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A Senator's Senioritis

What it looks like from Benny Lambert's seat.


The day of the press conference, the sticker and some handshakes were all it took to get the kind of response from colleagues that Lambert hoped would lock in support. Already he'd received the nod from a slew of his General Assembly comrades. All he needed now was the vote.

When fanfare over the Capitol's facelift subsided, Lambert made the rounds, telling former first lady Roxane Gilmore it was awfully nice to see her, sidling up to City Manager Calvin Jamison to say hello and squeezing through media to congratulate the governor personally. He heard the same thing over and over: "If there's anything I can do to help, Benny, let me know."

As it happens, nobody had to do anything. McEachin pulled out of the race, ostensibly because the issue over whether Richmond should have an at-large mayor won't be decided for a while. McEachin supports the Wilder-Bliley commission that favors an at-large mayor; Lambert has said he'll have to wait for more public input before backing any plan to change the way a mayor is selected.

But now, poised to win re-election and continue his 17-year run in the Senate, what will Lambert do? How much muscle can a senior legislator muster? According to Lambert, plenty.

"You can best tell the character of a person by who he surrounds himself with," Delegate Frank Hall told a group of Lambert's supporters the day the senator announced his bid for re-election. Part of Lambert's influence comes from the company he keeps: everyone from Richmond Mayor Rudy McCollum to Delegate Dwight Jones to state Sen. Dick Saslaw. Relationships and trust take a long time to build, he says, and he's worked long and hard to establish them.

What's more, as a senior member of the Senate Finance Committee and high-ranking member of Senate Education and Health Committee, Lambert is more powerful than most people think.

"I'm going to propose today to work with the city to have a model high school in East Richmond — maybe Armstrong or Kennedy — that's one of the best in the nation, just as we are proud of the Maggie Walker Governor's School," Lambert told supporters at his re-election press conference. At least one sign of his recent causes was profoundly present: Marvin Lamont Anderson, a wrongly imprisoned Hanover man who became the first Virginian exonerated by DNA. Lambert pushed for a $5 million compensation package for Anderson (later cut to $1 million), which Lambert stresses might not have happened if he hadn't persevered. "It was the most interesting piece of legislation I've handled," he says.

Now more than ever, Lambert says, he's poised to produce results for things like a new school and to advocate for what he feels is right, as he did for Anderson. He has the minority leaders of both houses on his side, he points out.

From his third-floor office in the General Assembly Building that overlooks Broad Street, Lambert explains the perks of senior status. Everybody knows that legislative power is a matter of positioning. But in the legislature, it can depend, literally, on where you sit. Lambert moves objects on his desk — a miniature duck decoy, a pencil holder, a paperweight — in a show-and-tell exercise of how it works.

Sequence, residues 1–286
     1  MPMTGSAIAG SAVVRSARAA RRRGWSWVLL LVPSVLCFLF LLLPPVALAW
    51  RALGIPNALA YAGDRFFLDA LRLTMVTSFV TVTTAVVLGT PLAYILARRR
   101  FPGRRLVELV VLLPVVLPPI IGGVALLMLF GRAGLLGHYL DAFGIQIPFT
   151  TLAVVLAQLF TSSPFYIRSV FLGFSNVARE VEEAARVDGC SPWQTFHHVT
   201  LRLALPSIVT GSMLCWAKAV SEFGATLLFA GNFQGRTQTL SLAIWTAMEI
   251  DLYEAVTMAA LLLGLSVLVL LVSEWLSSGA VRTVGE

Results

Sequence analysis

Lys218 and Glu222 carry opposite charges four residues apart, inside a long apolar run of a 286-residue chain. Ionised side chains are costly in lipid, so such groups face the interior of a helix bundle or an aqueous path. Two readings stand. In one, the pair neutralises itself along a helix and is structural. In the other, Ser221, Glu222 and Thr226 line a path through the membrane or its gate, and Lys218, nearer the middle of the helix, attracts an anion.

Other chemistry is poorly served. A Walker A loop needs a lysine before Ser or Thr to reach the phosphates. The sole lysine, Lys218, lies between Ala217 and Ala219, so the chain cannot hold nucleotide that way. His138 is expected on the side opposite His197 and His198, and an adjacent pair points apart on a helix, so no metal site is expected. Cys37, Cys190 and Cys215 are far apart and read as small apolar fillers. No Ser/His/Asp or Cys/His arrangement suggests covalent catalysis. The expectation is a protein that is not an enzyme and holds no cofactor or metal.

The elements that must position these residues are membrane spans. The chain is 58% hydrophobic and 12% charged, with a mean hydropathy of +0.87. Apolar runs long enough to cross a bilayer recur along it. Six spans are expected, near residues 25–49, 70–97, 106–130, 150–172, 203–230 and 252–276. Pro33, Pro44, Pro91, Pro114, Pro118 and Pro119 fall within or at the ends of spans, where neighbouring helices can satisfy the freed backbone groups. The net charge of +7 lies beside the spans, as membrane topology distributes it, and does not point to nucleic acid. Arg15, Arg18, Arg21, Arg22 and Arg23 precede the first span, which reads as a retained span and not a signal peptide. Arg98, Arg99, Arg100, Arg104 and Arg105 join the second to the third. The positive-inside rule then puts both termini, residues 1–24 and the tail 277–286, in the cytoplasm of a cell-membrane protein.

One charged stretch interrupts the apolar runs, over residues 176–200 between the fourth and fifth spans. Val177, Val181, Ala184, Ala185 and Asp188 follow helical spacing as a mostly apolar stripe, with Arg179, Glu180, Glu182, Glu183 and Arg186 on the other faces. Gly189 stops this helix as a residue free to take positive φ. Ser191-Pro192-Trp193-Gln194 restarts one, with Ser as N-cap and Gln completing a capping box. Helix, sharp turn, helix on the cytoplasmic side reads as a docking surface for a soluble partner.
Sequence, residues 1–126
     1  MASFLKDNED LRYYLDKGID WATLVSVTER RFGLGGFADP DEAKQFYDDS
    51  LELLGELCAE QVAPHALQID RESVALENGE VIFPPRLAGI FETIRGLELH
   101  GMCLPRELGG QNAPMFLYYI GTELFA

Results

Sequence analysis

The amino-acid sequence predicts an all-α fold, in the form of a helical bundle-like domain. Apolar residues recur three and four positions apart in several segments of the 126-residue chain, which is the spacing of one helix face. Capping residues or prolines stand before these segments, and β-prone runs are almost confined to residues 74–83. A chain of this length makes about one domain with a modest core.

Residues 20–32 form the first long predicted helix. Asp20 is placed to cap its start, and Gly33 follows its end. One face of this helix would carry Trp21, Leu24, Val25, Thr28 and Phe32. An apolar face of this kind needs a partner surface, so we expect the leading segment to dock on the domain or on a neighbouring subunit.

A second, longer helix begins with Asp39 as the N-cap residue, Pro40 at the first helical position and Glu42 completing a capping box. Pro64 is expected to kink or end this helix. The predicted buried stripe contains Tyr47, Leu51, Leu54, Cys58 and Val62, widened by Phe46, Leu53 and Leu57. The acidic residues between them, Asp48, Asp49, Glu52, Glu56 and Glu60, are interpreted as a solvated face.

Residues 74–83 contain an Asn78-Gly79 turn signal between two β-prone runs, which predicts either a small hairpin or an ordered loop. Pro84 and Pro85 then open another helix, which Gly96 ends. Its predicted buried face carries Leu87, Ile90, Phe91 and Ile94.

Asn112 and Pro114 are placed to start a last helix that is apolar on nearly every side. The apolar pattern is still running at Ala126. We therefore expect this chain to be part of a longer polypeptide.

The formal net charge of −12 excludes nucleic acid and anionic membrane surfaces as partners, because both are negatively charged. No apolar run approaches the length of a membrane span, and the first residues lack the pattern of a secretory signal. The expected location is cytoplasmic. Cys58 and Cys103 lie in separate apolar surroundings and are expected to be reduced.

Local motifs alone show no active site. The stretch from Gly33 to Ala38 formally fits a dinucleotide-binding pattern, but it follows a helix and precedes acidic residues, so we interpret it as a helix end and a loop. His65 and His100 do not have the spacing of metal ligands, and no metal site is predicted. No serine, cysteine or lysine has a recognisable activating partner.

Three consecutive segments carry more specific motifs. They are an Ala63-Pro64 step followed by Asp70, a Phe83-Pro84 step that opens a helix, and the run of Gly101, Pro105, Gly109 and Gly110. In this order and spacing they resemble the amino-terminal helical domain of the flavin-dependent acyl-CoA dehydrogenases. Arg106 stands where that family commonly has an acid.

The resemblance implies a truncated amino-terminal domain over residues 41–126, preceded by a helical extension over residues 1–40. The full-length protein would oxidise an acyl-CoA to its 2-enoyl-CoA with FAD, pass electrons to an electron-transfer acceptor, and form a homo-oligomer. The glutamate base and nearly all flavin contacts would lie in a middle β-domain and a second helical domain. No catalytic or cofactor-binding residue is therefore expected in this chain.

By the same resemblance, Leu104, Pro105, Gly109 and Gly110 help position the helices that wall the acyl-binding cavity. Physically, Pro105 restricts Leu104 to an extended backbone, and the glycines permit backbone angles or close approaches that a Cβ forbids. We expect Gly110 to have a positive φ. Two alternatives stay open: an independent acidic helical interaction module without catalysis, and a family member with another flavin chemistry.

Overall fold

There are 17 Democrats and 23 Republicans in the Senate, and of all senators, Lambert ranks sixth in seniority. Of the top six, four are Democrats. Combine this with the likelihood that some senior statesmen will retire soon, and it means that Lambert could soon become chairman of one of the many committees he sits on and possibly the most powerful person in the legislature.

Lambert's 15-year appointment to and tenure on the highly sought-after Senate Finance Committee, which finds and appropriates money, means he has a lot to say about what gets funding, what doesn't and who's going to pay for it. And, he points out, as the only urban-based legislator on the committee, his voice is the only voice for Richmond. So if Richmond wants money for programs like Project Exile or education, he says, he has the power to see the city gets priority, or at least attention.

Each state senator represents a district that includes roughly 180,000 constituents. If he leaves any time soon, Lambert says, "the region stands to lose an awful lot." Any new person in his seat would have little impact to get things done, he contends. That person would "get on a committee but not have leadership."

After 25 years in politics, Lambert says he has that leadership and plans to prove it. Meantime, he'd like to see someone being groomed for his seat. If he has someone in mind, he won't say who. Some say his daughter, Ann-Francis, one of his four children, could be a candidate; others say it will be McEachin. For now, Lambert's sitting tight. "I've worked my way into a powerful position by way of committees and seniority," he says. "I've got the inside edge." S

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